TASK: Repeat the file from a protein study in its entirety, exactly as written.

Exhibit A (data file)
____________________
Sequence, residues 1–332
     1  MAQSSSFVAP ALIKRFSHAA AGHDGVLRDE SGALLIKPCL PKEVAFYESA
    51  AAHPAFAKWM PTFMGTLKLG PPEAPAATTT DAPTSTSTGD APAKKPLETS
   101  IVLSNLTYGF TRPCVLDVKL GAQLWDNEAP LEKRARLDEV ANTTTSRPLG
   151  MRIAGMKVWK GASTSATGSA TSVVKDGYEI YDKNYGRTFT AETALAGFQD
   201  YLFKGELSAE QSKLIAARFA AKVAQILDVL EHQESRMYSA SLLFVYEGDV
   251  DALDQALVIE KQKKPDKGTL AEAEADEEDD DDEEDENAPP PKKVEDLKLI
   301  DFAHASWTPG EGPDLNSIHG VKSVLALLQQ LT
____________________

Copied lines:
Sequence, residues 1–332
     1  MAQSSSFVAP ALIKRFSHAA AGHDGVLRDE SGALLIKPCL PKEVAFYESA
    51  AAHPAFAKWM PTFMGTLKLG PPEAPAATTT DAPTSTSTGD APAKKPLETS
   101  IVLSNLTYGF TRPCVLDVKL GAQLWDNEAP LEKRARLDEV ANTTTSRPLG
   151  MRIAGMKVWK GASTSATGSA TSVVKDGYEI YDKNYGRTFT AETALAGFQD
   201  YLFKGELSAE QSKLIAARFA AKVAQILDVL EHQESRMYSA SLLFVYEGDV
   251  DALDQALVIE KQKKPDKGTL AEAEADEEDD DDEEDENAPP PKKVEDLKLI
   301  DFAHASWTPG EGPDLNSIHG VKSVLALLQQ LT